Casa de Guadalupe towered at an incredible height, the road of Senna Trees in a perfect, saccharine line dancing whimsically to the heart of the entrance in a sea of yellow buds. Sol was fascinated by the architecture, the orange Hacienda presumably leftover by a Spanish conquistador. She could see the pools of native blood rising from the bone-dry ground beneath her, one generation of captured lives after another reminding her they were buried here. Each step anchored her down, heavier than the last, the remains of fallen hermanas and hermanos coiling themselves around her ankles, begging for help. I’m sorry you’re here forever, she whimpered in her mind, but I can’t stay. And because she couldn’t do anything but say a silent prayer, she carried on, the blue sky fogging over with a stroke of sadness. The Hacienda was an eccentric, alluring sight of greens, browns, oranges, and reds. Nature had claimed parts of it back, vegetation curling up and around the front side in an almost intentional way. Eight windows with sleek slices of metal bars strangled the glass and ordained the Hacienda with a sinister touch. It was transformative; what once may have been a summer home now housed a notorious murder trio. How many people had sat on their Mothers lap at the foot of those steps? How many people no longer had a Mother? Not now, Sol silenced her subconscious with a kick.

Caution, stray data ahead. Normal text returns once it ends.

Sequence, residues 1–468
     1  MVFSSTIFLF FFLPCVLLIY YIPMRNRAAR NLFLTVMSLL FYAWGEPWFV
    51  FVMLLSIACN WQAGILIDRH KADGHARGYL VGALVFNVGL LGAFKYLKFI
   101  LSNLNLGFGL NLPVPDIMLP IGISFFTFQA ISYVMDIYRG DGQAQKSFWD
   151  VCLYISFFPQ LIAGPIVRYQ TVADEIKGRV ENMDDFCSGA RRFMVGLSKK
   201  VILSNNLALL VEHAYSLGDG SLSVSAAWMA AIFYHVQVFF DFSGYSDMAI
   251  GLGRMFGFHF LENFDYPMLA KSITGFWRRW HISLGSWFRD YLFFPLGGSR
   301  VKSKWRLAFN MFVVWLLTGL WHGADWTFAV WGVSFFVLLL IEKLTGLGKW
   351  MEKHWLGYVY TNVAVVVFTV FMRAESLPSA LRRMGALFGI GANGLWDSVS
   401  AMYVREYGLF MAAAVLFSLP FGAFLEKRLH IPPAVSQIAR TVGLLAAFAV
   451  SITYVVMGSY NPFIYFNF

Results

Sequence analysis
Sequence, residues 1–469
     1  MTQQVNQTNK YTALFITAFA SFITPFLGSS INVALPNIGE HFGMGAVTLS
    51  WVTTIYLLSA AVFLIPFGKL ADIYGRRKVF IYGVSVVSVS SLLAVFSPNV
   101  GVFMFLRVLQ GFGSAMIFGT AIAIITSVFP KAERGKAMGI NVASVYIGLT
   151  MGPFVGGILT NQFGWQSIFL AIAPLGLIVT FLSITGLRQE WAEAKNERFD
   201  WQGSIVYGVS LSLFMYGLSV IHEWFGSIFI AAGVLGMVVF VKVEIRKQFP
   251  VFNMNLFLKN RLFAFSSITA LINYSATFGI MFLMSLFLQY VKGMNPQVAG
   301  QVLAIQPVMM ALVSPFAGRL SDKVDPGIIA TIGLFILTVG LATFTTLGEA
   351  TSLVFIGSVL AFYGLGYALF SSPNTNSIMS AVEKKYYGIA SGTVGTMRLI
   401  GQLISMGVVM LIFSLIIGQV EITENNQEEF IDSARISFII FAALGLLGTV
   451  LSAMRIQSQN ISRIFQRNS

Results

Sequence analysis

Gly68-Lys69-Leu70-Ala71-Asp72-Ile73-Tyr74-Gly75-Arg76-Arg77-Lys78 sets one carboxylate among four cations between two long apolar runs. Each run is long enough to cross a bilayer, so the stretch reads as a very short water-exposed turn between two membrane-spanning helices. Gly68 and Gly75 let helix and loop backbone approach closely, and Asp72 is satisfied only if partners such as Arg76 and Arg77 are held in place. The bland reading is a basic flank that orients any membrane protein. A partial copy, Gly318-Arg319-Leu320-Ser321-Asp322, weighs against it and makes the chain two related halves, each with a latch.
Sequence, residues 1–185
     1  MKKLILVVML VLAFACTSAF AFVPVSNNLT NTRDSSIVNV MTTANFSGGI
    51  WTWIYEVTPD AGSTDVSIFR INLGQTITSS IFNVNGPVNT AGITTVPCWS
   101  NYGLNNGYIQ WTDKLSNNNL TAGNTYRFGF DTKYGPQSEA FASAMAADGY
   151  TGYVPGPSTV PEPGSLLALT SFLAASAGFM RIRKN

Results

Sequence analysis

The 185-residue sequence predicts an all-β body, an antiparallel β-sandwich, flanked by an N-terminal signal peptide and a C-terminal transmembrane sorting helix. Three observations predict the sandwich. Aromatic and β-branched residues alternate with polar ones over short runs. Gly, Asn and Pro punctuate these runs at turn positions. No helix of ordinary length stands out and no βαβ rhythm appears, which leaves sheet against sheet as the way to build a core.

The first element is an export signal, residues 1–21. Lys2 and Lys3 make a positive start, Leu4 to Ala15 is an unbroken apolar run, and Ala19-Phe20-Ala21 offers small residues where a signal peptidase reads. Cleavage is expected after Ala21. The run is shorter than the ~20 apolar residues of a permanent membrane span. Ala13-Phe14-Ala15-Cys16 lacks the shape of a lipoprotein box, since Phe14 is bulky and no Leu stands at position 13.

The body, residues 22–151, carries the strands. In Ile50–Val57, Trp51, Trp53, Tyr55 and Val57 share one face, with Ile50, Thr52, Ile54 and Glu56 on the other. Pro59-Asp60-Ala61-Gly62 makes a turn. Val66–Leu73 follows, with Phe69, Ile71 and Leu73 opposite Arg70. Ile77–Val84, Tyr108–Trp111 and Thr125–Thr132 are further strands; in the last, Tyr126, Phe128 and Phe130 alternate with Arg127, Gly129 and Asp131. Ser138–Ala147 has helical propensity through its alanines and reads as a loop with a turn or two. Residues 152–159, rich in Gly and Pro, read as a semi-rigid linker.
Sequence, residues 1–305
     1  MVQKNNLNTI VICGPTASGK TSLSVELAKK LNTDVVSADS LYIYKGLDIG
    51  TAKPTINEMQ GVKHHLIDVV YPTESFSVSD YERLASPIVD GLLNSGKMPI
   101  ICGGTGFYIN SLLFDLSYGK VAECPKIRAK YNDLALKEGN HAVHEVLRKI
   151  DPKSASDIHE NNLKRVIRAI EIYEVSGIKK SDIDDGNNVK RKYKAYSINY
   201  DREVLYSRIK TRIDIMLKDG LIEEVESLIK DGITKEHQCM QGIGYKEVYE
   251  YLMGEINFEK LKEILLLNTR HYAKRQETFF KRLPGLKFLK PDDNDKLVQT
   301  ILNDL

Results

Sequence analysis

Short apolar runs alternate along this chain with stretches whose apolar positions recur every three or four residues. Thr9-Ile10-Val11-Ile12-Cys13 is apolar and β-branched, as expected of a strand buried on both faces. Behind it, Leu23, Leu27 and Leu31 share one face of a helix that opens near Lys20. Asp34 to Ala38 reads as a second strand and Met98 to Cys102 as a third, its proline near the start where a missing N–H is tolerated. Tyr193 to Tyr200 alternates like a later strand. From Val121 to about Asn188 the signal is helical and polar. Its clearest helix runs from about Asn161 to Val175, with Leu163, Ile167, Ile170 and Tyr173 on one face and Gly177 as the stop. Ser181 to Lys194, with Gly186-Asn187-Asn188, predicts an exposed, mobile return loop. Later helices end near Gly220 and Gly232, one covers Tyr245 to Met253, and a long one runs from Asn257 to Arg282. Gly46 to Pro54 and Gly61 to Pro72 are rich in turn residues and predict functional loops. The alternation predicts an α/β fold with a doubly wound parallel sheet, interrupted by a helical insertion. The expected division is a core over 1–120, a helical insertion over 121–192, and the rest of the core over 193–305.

Each security guard gave her a distinct welcome. The only woman, Sandra, smiled warmly. Her eyes never failed to gloss over with pity. The new guy kept any eye contact brief; he knew who she and the Zaparrita sisters were. Tonio with his white whisks of hair and matching mustache, always stopped her and asked a very sincere, como estas Solito lindo? He gave his life working at Casa de Guadalupe, and just like the inhabitants, his family had forgotten him. The skin around Tonio’s eyes feathered as he grinned, waving her off with a tip of his Tejana hat. Sol suppressed a smile, her hand instinctively reaching to hide it. You gotta be serious, she repeated quietly and with the faintest touch, she traced her upper lip, her nail grazing the pink flesh. When she reached Marcos, she was finally inside, her stomach shrinking into a small unused sac.